A survey of recent iOS kernel exploits
I recently found myself wishing for a single online reference providing a brief summary of the high-level exploit flow of every public iOS kernel exploit in recent years; since no such document existed, I decided to create it here.
This post summarizes original iOS kernel exploits from local app context targeting iOS 10 through iOS 13, focusing on the high-level exploit flow from the initial primitive granted by the vulnerability to kernel read/write. At the end of this post, we will briefly look at iOS kernel exploit mitigations (in both hardware and software) and how they map onto the techniques used in the exploits.
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GPU architecture resources
I am often get asked in DMs about how GPUs work. There is a lot of information on GPU architectures online, one can start with these:
Cognitive scientists have identified a number of common ways in which people avoid being gullible. But con artists are especially skillful at what social scientists call framing, telling stories in ways that appeal to the biases, beliefs and prominent desires of their targets. They use strategies that take advantage of human weaknesses.
Good collection of cons.
Cross post: https://theconversation.com/why-do-people-believe-con-artists-130361
Popular posts from leaky bug-tracking systems
My web server logs referrer data whenever it’s available. It means I pick up a bunch of attempted referrer spam from some crazy Kyivstar GSM blocks, but it also means I can see when certain sites link to me. While this has shrunk over the years as browsers curtail what data they’re willing to convey to foreign origins, it’s not quite dead yet. Watching this over the past year or so has showed me that a handful of my posts are apparently very popular in bug tracking systems. I see quite a few inbound visitors from various corporate JIRA systems, and even a couple from some GitHub issue tracking pages.
This is certainly an interesting way to make a best of list.
Top 10 web hacking techniques of 2019
Despite the title, this isn’t so much a roundup of generic techniques but links to write ups of specific exploits. Good coverage.
The Year Ahead
There are a few conferences from 2019 that I didn’t manage to get to last year (notably CCS, SOCC, and NeurIPS) which are still on my plate. And then I’ve pulled together this initial ‘watch list’ for the coming year.
Our Favorite Rides of 2019
Every week The Wall Street Journal’s My Ride column profiles vehicles and their owners, with surprising back stories. Here’s a look back at 2019.
A young Studebaker fan, a historic race car made newly famous by a Matt Damon movie and a Corvette expert’s Corvette are among the My Ride column’s highlights this year
On the Metal: Ron Minnich
On this episode of On the Metal, we interview Ron Minnich. Ron has had a fascinating career working on the interface between software and hardware. Join us as ~we install Gentoo and compile GCC~ to hear a mesmerizing conversation about Unix, Plan9, LinuxBIOS, Chromebooks, RISC-V, of course some Gentoo jokes, flip flop programming toys, and more!
Didn’t actually listen, but there’s a pile of links here anyway.
Research based on the .NET Runtime
Over the last few years, I’ve come across more and more research papers based, in some way, on the ‘Common Language Runtime’ (CLR). So armed with Google Scholar and ably assisted by Semantic Scholar, I put together the list below.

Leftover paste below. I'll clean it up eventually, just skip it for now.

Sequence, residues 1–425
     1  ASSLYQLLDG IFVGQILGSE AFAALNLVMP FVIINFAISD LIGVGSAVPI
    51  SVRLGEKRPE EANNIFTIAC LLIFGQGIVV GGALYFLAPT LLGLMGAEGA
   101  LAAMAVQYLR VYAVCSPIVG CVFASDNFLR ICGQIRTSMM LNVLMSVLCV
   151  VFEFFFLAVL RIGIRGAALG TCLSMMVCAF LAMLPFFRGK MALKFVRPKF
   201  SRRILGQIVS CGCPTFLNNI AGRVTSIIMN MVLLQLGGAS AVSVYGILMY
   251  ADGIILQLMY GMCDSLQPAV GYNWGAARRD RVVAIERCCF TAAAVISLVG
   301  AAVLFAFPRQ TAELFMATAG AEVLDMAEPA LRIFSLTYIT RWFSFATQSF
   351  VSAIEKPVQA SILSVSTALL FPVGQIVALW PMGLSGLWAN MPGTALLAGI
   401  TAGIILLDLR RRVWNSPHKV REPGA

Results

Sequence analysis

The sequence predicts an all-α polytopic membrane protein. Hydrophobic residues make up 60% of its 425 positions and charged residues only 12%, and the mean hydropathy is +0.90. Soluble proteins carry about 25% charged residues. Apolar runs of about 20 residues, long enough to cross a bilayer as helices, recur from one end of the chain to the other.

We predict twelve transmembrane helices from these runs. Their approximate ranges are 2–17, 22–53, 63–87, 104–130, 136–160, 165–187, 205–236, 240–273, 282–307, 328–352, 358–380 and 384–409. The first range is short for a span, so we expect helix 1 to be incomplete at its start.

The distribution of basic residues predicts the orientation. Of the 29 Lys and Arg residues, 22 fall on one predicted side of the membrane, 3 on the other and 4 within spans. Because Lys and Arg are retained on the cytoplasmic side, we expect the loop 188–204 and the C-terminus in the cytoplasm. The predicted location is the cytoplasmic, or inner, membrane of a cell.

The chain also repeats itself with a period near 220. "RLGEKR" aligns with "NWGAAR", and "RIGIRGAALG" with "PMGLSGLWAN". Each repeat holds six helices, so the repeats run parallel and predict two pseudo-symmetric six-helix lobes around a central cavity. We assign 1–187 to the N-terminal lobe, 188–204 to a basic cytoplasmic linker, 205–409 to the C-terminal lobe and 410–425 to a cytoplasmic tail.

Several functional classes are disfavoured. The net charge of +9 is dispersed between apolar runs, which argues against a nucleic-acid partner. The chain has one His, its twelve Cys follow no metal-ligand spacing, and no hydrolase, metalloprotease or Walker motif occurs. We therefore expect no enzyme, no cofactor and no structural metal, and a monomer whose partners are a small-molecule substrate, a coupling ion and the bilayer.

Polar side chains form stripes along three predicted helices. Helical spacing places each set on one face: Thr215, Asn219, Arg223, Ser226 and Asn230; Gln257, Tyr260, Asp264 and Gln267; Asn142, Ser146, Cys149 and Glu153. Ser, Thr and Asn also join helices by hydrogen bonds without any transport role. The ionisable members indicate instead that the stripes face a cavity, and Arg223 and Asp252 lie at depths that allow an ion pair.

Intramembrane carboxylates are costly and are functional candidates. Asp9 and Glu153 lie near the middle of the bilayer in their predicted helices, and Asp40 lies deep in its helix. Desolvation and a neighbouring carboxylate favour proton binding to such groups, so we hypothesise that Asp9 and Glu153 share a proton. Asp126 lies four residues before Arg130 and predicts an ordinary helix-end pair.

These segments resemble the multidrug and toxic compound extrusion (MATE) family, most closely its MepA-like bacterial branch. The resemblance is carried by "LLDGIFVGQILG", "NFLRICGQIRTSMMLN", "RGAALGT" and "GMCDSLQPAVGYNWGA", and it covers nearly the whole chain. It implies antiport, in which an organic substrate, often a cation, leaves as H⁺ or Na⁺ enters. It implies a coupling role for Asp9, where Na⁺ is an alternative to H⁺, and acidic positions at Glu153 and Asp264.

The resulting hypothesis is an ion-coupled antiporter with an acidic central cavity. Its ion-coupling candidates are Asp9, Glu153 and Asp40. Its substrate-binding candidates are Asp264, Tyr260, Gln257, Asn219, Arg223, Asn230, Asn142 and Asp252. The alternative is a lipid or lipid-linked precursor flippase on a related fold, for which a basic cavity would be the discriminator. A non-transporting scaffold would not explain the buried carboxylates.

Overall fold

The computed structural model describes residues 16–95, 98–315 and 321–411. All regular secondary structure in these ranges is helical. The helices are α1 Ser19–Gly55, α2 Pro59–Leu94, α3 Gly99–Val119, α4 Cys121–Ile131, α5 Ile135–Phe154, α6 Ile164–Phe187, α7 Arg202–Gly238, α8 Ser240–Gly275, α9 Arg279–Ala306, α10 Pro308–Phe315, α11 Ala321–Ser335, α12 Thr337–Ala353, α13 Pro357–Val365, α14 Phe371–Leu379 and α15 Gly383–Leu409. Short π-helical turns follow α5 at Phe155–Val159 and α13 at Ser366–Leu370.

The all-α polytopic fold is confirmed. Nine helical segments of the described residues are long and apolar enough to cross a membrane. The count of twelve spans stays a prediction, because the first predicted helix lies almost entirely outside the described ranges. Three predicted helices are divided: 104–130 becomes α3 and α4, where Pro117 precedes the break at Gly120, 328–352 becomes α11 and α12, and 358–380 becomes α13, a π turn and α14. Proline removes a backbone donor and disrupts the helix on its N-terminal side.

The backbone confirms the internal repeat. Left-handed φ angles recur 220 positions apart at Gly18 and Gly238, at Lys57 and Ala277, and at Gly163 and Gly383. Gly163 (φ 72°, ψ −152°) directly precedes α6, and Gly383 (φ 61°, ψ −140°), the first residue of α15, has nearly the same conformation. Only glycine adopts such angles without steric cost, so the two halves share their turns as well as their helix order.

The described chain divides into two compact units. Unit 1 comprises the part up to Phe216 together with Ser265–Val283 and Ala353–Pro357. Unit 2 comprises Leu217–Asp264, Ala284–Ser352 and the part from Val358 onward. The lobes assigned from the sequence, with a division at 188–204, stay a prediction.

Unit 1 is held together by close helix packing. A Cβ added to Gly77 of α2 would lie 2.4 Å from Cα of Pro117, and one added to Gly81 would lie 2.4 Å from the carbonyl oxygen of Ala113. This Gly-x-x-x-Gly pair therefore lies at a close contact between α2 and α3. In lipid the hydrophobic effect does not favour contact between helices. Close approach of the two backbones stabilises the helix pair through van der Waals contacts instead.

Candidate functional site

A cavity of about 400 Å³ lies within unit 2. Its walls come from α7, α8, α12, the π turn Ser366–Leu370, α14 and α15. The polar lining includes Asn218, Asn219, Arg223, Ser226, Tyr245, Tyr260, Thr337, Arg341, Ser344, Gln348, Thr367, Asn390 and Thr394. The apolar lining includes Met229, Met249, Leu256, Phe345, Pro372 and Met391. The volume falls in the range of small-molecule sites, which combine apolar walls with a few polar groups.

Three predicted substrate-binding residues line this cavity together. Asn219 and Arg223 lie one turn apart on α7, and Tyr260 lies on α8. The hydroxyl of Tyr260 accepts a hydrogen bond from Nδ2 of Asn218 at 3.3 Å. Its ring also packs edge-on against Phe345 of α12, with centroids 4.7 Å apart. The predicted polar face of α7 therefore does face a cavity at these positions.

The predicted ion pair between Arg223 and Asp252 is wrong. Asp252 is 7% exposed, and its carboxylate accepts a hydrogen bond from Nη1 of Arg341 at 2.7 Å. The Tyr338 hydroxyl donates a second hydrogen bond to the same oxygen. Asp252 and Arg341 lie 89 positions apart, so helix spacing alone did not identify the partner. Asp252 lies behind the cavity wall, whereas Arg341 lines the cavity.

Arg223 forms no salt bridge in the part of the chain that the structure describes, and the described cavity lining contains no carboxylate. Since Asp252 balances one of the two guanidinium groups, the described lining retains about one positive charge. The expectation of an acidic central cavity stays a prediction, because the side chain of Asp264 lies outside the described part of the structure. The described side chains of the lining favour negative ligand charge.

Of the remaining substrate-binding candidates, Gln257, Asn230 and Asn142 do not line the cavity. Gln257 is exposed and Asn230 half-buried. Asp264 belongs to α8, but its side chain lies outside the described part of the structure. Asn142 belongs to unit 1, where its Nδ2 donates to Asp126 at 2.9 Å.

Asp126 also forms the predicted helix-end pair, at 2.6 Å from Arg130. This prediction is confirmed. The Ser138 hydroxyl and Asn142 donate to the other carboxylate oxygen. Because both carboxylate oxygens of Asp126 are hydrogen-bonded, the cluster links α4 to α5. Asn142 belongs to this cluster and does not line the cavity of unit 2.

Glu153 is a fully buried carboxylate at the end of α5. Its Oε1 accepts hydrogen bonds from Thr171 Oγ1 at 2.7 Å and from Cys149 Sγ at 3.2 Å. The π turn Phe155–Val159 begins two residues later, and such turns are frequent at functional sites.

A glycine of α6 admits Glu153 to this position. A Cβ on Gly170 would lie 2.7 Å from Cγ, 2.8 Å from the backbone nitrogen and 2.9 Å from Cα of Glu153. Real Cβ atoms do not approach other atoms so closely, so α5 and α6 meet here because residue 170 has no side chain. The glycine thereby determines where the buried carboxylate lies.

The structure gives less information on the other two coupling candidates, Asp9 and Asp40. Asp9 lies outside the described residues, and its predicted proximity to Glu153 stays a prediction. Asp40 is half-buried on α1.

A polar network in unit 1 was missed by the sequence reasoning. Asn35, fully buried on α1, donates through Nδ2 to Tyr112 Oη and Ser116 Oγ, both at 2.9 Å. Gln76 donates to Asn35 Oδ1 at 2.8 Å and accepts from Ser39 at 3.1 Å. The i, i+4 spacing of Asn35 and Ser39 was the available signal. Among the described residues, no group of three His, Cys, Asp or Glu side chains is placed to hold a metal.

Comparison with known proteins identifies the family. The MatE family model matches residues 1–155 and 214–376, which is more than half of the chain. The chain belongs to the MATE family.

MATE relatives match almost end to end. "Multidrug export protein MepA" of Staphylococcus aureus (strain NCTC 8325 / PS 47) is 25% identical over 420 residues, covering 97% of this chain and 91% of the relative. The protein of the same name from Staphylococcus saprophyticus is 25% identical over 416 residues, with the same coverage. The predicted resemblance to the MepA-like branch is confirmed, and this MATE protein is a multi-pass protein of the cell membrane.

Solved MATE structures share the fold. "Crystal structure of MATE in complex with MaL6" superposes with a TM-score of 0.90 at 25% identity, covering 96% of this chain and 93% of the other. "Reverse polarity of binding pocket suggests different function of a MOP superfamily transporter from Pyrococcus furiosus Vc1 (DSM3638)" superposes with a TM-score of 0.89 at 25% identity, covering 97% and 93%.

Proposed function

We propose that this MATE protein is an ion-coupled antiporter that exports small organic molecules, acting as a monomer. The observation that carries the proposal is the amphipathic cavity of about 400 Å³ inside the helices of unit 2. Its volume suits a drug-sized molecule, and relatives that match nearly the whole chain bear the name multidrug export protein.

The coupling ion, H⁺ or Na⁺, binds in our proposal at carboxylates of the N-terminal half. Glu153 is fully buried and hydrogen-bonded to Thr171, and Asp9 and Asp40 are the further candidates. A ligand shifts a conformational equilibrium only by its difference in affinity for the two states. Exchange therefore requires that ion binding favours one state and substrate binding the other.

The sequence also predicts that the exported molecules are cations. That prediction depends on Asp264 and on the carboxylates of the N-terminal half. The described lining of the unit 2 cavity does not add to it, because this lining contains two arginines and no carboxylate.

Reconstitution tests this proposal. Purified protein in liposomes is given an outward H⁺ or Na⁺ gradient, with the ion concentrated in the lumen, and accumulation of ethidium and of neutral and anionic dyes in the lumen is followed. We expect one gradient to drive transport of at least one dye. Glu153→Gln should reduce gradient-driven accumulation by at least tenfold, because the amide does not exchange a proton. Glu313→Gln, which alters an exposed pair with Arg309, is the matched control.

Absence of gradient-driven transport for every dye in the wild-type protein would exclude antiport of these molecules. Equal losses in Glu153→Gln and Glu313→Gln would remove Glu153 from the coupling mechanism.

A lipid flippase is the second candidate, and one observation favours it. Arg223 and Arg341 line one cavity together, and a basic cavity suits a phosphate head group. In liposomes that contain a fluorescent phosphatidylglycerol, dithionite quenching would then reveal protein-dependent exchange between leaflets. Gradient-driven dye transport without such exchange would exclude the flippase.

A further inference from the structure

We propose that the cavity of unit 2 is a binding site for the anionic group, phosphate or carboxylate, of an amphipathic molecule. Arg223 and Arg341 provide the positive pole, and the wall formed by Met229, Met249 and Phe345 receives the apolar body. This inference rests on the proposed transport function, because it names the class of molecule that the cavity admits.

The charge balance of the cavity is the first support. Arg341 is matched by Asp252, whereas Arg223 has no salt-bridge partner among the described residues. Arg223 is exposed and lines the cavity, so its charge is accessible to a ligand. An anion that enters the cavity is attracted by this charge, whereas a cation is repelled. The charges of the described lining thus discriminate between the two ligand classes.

All Penn, No Teller
Why Penn Jillette kind of makes sense as a tech magazine’s back-page columnist
But Jillette was something different. He was already famous—certainly more famous than Pournelle, an established science-fiction author, thanks to being a regular fixture on television during much of his career and starring in a legendary Run-DMC music video—and he likely did not need a nationally distributed computer magazine column to make a living. Jillette simply liked computers and knew a lot about them, which meant that he could rant about the details of an Autoexec.bat file just as easily as he can about politics. He gave the tech writing form something of an edge, while maintaining the freewheeling nature established by fellow pre-blogging voices like Pournelle.
Some good quotes and links here.
Lots of articles and links about design of shared urban spaces and their affect on behavior.
2019 Pwnies Award Nominations
Shit happened. Mistakes were made.
Vintage TV Test Patterns
As you might expect, the BBC test card with the girl and clown has both a backstory and a cult following.
Vulnerability disclosure publications and discussion tracking
A long and vivid debate for and against different vulnerability disclosure models is still taking place. Sources that collect all these valuable arguments are scarce. This document acts as a place-holder for related contributions that we are aware of. Paper, articles and more informal documents are grouped based on the type of publication. We hope that these links are useful to anyone familiarising themselves with the scene or planning further contributions.
Meta note: new domain, new code base, everything should be about the same, but not quite done converting all features.
RSS now at /rss.
Porting old posts
I’ve started the long process of porting old articles and it has been fun revisiting topics I haven’t thought about much for years.
Anyways, as I port articles over I’ll post links to them here, with a few reflections.
A short reading list on voting security
The Internet of Food
You know something you can’t get through the internet’s wires, at least not on its own? Food. We’ve been working on it for years, but no, we’re not at the point where we can deliver nourishment directly via the series of tubes. But food has always been something of a means to an end—a way of driving the internet forward, making it something people would actually like to use.
Plus tons of links.